In week 4 of the One Room Challenge I installed peel and stick wallpaper from RoomMates. I love RoomMates because they have such a beautiful variety of peel and stick wallpaper and wall decals. They even have stick tiles if you’re looking to add instant eye candy in your kitchen as a backsplash! I decided to go with a creamy neutral botanical wallpaper that would fit right in with my neutral palette and help to add in a little more texture to the room.
I put wallpaper on only one wall, and am using it as an accent wall instead of wallpapering the whole room. I feel like it adds a little bit of interest to the space without feeling too overwhelming.
I love peel-and-stick wallpaper because it’s literally as easy as peeling off the backing and applying it to your wall. No need for pastes or paintbrushes. Although, you do need a few tools to make the process a little bit easier.
1~A box cutter to cut excess paper
2~A putty knife to tuck paper behind a heater or around window trim
3~A damp cloth to smooth out all the wrinkles
Wallpaper source: https://roommatesdecor.comLight
Light fixture source: wooden light fixture
Alright, week three here with the #oneroomchallenge. This week our biggest concern was tackling the noise issue. The problem is the office’s location and the construction of the room itself. The office is centrally located near our bedrooms in the upstairs of our home; and the walls are paper-thin. For those of you that don’t know, our home was built in the 1700s and some of the original walls are still up; particularly in our office. The walls are made of vertically placed pine boards that are only an inch thick. So you can actually see through them in some spots into the other room. And while this is a cool piece of history, when it comes to practical use – it falls a little short.
So we had to figure out how we could make this space the most user friendly. We actually plan on using our office to work – go figure! Both of us are currently working from home and need a quiet place to work. My husband thought the best solution would be installing soundproofing boards right over the existing wall paneling. They can be on the pricier side – but a total must for soundproofing any office space.
Basically, soundproofing board is a rigid panel made from non-toxic material and natural wood fibers that are wax-infused. The wax resists water perforation and the density of the board provides excellent noise control properties. We picked up ours at Home Depot. We were able to order right online and do curbside pickup. I’ve been so amazed at how these companies are working so diligently to keep us all safe.
Since our office space is approximately 8′ x 12′, we didn’t need very many sheets of the sound deadening board. We measured and cut the sheets nearly identical to the way you would handle drywall. However, read the installation instructions specs carefully, as this paneling is a bit different than drywall. Some might find it easier to cut this product with a multipurpose cutter rather than a utility knife. We used common drywall screws to hang it, and are preparing the surface for painting by mudding over the screw heads and seams.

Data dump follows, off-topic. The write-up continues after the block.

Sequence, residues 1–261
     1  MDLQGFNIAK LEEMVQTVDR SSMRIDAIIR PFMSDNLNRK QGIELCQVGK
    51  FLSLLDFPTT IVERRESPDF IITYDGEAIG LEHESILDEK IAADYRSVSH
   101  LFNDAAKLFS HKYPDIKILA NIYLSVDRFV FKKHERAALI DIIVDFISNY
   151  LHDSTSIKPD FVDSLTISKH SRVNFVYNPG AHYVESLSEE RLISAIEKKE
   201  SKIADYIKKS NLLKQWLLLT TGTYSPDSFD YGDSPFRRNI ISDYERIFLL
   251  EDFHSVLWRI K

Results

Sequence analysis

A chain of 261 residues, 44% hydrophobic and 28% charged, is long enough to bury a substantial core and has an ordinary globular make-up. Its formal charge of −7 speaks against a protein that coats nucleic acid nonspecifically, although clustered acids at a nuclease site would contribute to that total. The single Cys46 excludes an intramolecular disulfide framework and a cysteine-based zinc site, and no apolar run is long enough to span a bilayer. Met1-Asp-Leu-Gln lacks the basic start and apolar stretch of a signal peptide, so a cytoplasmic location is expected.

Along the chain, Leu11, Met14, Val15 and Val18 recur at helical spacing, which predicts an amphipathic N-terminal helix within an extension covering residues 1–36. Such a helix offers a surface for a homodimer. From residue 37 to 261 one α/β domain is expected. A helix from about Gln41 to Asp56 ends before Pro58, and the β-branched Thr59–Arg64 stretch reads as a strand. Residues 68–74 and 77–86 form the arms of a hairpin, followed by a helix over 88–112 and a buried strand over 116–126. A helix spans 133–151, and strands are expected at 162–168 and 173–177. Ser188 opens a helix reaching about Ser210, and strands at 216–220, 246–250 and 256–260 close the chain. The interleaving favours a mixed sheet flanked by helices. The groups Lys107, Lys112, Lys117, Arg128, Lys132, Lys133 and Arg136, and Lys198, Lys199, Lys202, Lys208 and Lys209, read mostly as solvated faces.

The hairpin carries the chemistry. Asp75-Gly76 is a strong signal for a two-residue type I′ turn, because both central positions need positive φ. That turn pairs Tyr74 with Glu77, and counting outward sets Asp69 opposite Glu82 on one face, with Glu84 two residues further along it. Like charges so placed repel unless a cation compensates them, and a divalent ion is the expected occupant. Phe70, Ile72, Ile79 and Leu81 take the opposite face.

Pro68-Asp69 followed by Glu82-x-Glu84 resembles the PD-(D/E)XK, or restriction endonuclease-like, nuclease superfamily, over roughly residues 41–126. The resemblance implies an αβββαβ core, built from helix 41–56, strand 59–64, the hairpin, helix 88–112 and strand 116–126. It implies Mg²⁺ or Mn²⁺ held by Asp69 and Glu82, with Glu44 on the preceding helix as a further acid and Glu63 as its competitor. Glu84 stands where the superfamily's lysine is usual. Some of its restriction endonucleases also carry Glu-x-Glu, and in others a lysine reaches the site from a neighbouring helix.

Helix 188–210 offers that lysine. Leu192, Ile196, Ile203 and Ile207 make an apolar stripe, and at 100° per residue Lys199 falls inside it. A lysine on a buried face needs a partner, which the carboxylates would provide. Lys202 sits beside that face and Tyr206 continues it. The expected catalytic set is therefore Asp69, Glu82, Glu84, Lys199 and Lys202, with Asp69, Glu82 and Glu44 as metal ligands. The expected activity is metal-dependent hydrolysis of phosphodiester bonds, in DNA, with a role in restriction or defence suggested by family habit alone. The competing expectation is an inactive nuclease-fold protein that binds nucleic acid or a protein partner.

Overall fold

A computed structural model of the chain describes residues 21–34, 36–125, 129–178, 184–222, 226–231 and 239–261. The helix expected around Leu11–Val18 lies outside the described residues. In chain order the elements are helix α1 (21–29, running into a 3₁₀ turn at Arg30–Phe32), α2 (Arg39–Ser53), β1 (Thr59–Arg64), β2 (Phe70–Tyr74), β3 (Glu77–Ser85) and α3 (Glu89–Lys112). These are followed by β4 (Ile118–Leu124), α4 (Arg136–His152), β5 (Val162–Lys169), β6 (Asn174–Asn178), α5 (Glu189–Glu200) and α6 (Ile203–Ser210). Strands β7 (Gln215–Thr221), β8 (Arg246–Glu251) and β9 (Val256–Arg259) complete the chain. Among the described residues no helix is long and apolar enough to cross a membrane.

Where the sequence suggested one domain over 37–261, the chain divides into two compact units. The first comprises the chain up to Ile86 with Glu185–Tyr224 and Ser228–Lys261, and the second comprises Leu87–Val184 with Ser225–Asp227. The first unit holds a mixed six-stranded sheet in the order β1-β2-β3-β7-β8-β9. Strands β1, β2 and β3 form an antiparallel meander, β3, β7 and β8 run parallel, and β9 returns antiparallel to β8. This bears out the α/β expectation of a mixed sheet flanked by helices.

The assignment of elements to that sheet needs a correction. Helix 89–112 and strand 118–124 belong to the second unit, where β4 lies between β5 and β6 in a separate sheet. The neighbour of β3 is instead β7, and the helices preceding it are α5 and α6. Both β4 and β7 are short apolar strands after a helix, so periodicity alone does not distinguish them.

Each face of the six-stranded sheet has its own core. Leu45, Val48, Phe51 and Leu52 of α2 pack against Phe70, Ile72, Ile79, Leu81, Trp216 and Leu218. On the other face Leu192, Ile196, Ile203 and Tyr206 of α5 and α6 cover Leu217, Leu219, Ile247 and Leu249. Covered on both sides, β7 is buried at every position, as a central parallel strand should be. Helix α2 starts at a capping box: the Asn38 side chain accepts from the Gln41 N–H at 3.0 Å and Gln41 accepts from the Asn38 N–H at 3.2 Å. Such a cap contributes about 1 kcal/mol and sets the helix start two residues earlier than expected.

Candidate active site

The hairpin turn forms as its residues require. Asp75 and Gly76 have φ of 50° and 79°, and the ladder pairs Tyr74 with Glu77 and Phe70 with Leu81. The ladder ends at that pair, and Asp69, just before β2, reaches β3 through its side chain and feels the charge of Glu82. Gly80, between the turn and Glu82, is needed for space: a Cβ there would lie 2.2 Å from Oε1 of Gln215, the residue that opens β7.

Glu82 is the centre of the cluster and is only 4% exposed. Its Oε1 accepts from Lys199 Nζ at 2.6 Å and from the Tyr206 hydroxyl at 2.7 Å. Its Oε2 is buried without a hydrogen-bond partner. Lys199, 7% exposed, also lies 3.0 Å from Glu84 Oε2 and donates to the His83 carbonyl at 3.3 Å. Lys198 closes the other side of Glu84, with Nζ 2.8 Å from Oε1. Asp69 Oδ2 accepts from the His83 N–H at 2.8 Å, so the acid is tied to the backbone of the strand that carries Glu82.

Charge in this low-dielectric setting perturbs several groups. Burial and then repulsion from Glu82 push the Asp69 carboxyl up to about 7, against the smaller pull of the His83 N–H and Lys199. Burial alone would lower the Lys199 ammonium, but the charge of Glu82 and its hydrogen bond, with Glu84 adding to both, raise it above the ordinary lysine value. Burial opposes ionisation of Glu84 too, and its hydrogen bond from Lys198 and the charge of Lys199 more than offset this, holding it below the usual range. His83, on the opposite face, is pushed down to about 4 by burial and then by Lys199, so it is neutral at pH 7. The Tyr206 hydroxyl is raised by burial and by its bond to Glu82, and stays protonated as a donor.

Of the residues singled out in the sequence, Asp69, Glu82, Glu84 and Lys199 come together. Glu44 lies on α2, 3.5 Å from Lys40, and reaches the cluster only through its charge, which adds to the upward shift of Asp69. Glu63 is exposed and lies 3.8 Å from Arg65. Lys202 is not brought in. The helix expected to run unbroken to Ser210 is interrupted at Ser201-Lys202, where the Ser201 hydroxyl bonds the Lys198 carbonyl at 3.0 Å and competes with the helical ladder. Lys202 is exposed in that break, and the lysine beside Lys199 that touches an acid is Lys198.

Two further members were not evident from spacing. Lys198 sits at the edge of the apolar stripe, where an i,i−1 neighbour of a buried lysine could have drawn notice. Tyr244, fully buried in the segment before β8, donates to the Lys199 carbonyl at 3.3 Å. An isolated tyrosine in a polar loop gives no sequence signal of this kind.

Ok – So next week we’re mudding and painting.. and Installing some beautiful wallpaper!
Here we go – Week two! I hope you’re ready! For me, this was the hardest part. We have used this room for storage for the past 4 years… It was so full you couldn’t even access the room. It was filled to the brim with stuff! Cleaning it all out was the BIGGEST chore – Ever! Ok, I may be exaggerating but it was a challenge to find new places to put everything.
Some of the stuff in there has been there since we moved into this house! That was almost 5 years ago! Can you tell I’ve been avoiding this area of our home? I knew we had some serious organizing to do and so in order to get myself going, I had to 5-4-3-2-1 it! If you’re a Mel Robbins fan, you’ll know what I’m talking about – If you’re not and you’re like why did this woman just count down? Do yourself a favor and read the book The 5 Second Rule! It changed my life and I have a feeling it can help you too.
Ok – off-topic. Sorry! We started by getting all of the “keep” items out and making a trash and donate pile with the rest. Then, little by little we worked on organizing and putting things away. Once everything was pulled out of the office, I admit I was a little more motivated. The office is right off of the landing so that’s where everything got put. It was totally in the way and hard to maneuver around. I made a goal to work on it every day for an hour until it was done.
If you want to feel really satisfied… watch this time-lapse video of the actual cleanout. What is it about time-lapse videos that are just so satisfying to watch?!
Be sure to check back here Thursday for the next One Room Challenge post. It’ll be on Installing sound-proof walls! A total must for any office space!